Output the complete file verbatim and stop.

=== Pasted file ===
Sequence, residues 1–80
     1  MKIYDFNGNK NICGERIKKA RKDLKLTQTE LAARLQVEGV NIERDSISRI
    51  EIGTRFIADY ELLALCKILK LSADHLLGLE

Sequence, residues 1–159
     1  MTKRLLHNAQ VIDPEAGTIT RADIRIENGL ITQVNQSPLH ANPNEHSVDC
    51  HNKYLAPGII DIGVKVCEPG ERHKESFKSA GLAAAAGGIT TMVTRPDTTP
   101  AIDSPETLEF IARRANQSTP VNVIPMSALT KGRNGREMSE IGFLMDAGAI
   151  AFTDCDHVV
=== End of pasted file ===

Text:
Sequence, residues 1–80
     1  MKIYDFNGNK NICGERIKKA RKDLKLTQTE LAARLQVEGV NIERDSISRI
    51  EIGTRFIADY ELLALCKILK LSADHLLGLE

Sequence, residues 1–159
     1  MTKRLLHNAQ VIDPEAGTIT RADIRIENGL ITQVNQSPLH ANPNEHSVDC
    51  HNKYLAPGII DIGVKVCEPG ERHKESFKSA GLAAAAGGIT TMVTRPDTTP
   101  AIDSPETLEF IARRANQSTP VNVIPMSALT KGRNGREMSE IGFLMDAGAI
   151  AFTDCDHVV